The Court righty rejected Marshall’s fanciful Fourteenth Amendment argument — the very Congress that passed the amendment set up segregated schools in the District of Columbia. Instead, the Court struck down school segregation on the novel, non-legal theory that it was “inherently unequal.” Mr. Hughes thinks the Court should have accepted Marshall’s phony 14th Amendment argument and writes that this would have made the civil-rights struggle for a colorblind society unnecessary. Mr. Hughes cites fine-sounding sentiment:

Many of our most celebrated anti-racist heroes believed that reverse racism was real and was a cause for concern. . . . Dr. King, for instance, said that “black supremacy would be equally evil as white supremacy,” and that “the cry ‘Black Power’ whether they mean it or not, falls on the ear as racism in reverse.” Roy Wilkins, the executive director of the NAACP, was even more critical. He called the Black Power movement, “a reverse Mississippi, a reverse Hitler, a reverse Ku Klux Klan.”

Mr. Hughes continues:

The civil rights movement fought against all kinds of racial stereotyping. It fought against any kind of race thinking that discouraged us from seeing other people as individual human beings . . . Civil rights leaders saw race thinking as dehumanizing . . . Think again of Dr. King: “the important thing about a man is ‘not his specificity but his fundamentum,’ not the texture of his hair or the color of his skin but the quality of his soul. Properly speaking, races do not marry, individuals marry.”

Martin Luther King wasn’t colorblind. He wanted special treatment for blacks.

Mr. Hughes says neoracists betrayed the civil rights movement by asserting that people of color are morally superior to whites. He continues:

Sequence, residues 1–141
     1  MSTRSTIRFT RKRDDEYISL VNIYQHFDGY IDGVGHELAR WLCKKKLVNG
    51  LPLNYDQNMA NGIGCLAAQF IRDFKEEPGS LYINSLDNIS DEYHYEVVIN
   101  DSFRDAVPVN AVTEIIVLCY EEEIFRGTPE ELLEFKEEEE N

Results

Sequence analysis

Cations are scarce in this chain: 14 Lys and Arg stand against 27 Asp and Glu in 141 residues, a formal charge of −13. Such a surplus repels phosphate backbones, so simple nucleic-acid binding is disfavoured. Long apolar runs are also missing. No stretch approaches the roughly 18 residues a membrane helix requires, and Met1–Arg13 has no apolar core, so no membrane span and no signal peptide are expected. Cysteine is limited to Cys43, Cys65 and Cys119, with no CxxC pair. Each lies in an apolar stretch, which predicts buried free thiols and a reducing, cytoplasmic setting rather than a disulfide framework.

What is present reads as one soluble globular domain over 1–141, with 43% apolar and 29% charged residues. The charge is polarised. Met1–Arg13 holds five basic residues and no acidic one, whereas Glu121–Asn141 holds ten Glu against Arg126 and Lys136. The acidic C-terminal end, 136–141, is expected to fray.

Consider Ibram X. Kendi’s axiom: “when I see racial disparities, I see racism.” . . . The white suicide rate in the United States is more than twice as high as the black rate or the Hispanic rate. According to Kendi’s logic, this racial disparity in suicide rates must be evidence of systemic racism . . . against white people. [emphasis in the original]

Derrick Bell, Harvard Law’s first black tenured professor, is sometimes called the godfather of Critical Race Theory. He explored what it would mean to understand racism as a permanent feature of American life and even argued that it was easier to pass civil rights legislation in the United States because it ultimately served the interests of white people. Neoracism, driven by Dr. Bell’s CRT, is reintroducing segregation.

The National Association of Scholars . . . surveyed 173 four-year colleges and universities across the country and found that 43 percent offered racially segregated dorms, 46 percent had racially segregated student orientation programs, and 72 percent had racially segregated graduation ceremonies.

Mr. Hughes then makes an entirely fair-minded reference to Jared Taylor: